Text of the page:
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I-Team: Buffalo diocese forced out priest, hid abuse allegations from public

Rev. Donald Becker denies multiple abuse claims
Posted: 2:49 PM, Mar 16, 2018
Updated: 2018-03-16 23:07:40Z

A longtime priest in the Catholic Diocese of Buffalo was forced out of service and put on “medical leave” in 2002 after allegations of child sexual abuse came to light, the 7 Eyewitness News I-Team has learned.

Until now, the Rev. Donald W. Becker has never been named publicly as an alleged child sex abuser even though victims have come forward with stories of abuse and the reverend has long had a poor reputation among some diocesan priests. 

The timing of Becker’s forced retirement -- he was given a “medical leave of absence” soon after the Catholic sex abuse scandal first broke in Boston in 2002 -- looks especially suspect in hindsight, clerical sexual abuse experts said.

Since he was ordained in 1967, Becker has served at multiple parishes -- mostly in the Southtowns and in rural areas -- including St. Bonaventure in West Seneca, Nativity in Orchard Park, SS. Peter & Paul in Hamburg, St. Agatha’s in South Buffalo and St. Mary’s in Batavia.

One man claims to have been sexually abused by Becker at St. Bonaventure’s parish (he served there from 1971-1974) and two have spoken about sexual abuse at SS. Peter & Paul (1975-1979).  

7 Eyewitness News is not naming the victims of the abuse, who do not wish to come forward publicly because of the trauma of the abuse. In addition to these men, a second independent source who spent years working within the diocese has verified that Becker was among multiple priests who were removed for suspected sexual abuse. The source identified Becker as “one of the earliest abusers” in the diocese.

Reached by phone from his home in Florida and asked whether the allegations were true, Becker said, “No, it isn’t.”

Asked why so many people had come forward with allegations against him, Becker said, “I don’t know,” before declining to comment further.

Becker said he was removed from ministry because he developed Parkinson’s disease, even though Bishop Richard J. Malone -- when pressed about the issue by an Eyewitness News reporter on Friday -- acknowledged that he was removed because of abuse allegations.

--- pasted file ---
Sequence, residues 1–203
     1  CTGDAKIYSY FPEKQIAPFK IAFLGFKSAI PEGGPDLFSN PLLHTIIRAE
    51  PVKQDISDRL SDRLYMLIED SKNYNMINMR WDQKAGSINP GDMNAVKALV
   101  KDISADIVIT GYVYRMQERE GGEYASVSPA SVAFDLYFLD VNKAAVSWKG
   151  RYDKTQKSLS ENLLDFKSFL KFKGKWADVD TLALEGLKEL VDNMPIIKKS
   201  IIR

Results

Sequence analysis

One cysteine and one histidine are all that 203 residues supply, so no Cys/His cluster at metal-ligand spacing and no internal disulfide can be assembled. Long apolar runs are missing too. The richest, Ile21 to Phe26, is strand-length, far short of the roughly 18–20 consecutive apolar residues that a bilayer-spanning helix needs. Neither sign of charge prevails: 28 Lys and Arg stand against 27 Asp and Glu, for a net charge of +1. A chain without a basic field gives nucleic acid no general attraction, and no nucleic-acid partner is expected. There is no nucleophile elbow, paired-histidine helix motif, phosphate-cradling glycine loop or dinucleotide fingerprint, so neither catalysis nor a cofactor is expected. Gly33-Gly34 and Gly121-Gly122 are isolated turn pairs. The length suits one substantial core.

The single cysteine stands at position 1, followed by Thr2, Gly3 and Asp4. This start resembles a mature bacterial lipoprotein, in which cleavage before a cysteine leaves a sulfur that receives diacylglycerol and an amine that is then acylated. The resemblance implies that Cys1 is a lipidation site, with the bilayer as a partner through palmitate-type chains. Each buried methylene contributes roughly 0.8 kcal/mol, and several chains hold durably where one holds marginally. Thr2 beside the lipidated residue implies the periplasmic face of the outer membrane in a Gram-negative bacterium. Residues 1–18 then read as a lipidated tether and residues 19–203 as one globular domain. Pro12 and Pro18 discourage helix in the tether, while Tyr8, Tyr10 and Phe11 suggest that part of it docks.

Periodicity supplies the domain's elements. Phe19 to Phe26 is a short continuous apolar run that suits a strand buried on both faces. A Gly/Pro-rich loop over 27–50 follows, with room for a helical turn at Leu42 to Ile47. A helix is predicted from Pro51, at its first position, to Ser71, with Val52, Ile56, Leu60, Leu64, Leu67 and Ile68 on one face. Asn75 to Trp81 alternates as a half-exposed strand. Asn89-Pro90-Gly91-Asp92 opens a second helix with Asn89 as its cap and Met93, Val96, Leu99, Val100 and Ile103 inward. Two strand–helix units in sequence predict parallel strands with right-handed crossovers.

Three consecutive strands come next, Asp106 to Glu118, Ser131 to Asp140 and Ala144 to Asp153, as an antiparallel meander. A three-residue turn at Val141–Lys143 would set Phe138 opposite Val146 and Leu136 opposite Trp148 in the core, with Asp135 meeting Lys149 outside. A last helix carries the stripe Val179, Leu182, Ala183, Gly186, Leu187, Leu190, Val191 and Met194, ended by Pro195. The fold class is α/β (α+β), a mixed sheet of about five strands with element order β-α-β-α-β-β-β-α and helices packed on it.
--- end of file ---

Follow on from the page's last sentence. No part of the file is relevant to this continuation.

After spending at least 10 years at St. Mary’s of Batavia, Becker was replaced after he went on a “medical leave of absence,” Bishop Henry Mansell announced in July 2002. The clerical sexual abuse scandal at that time was gaining steam and turning into a worldwide phenomenon after The Boston Globe revealed decades of sexual abuse and subsequent cover-ups in the Boston archdiocese that January. 

Advocates say the timing of the move -- six months after the scandal broke -- looks suspect.

“The Diocese was practicing spin control,” said Mitchell Garabedian, a Boston attorney who was featured in the movie “Spotlight” and who represents one of Becker’s alleged victims. "It was trying to appear to be doing the right thing, when the Diocese was in fact doing too little, too late.”

Becker was never taken off medical leave and after 2002 was listed in diocesan records under a P.O. Box in Java Center, where he is reported to have owned a cabin. He is listed as having officially retired in 2011 and in retirement, has lived in Orchard Park and in Florida. 

Michael Reck, a Minnesota attorney who represents victims of sexual abuse -- some in Buffalo -- told 7 Eyewitness News earlier this week that the fact the diocese has never released the names of suspected pedophile priests like Becker puts public safety at risk.

“I can tell you from a public safety perspective, not disclosing that you have adult priests who hurt children is a public safety nightmare,” Reck said. “We now know that the recidivism rate of many of these offenders is very, very high, and when they were moved onto unsuspecting parishes and unsuspecting communities, they often offended again.”

Becker’s notoriety among those in the diocese did not stop the official diocesan newspaper from listing Becker in a 2015 article about priests who serve as chaplains in the military. Becker served in the Army. 

In a brief interview Friday before he gave the blessing at the annual St. Patrick’s Day luncheon in South Buffalo, Malone said, “Well, of course this all predates my arrival in the diocese. I don’t know all those details.”

Malone confirmed that Becker was removed for sexual abuse allegations after American bishops met in Dallas in 2002 to discuss the clerical sexual abuse scandal breaking in Boston and spreading across the world.

Malone has been the Bishop of Buffalo for five years. Asked why he has not taken steps to reveal the identities of suspected pedophile priests like Becker, he said, “There are many reasons for that.  That’s the policy I inherited. We’ve been studying that very, very carefully and you can expect some news on that next week.”

Malone has been under intense pressure to reveal more information about clerical sex abuse in the Buffalo diocese after a former altar boy last month came out publicly to accuse former priest Norbert Orsolits of sexual abuse in the 1980s. 

Orsolits admitted to The Buffalo News that he molested “dozens” of children in his time as a priest, raising questions about whether previous bishops have been forthright about the scope of sexual abuse in the diocese. 

The diocese has previously said at least 53 clerics have been credibly accused of abuse, but have not revealed much information about the accused priests, where the abuse is alleged to have occurred and how the diocese responded.   

Watch 7 Eyewitness News at 6 p.m. for more on this story. If you have any tips about sexual abuse, contact investigative reporter Charlie Specht at (716) 840-7870 or Charlie.Specht@wkbw.com.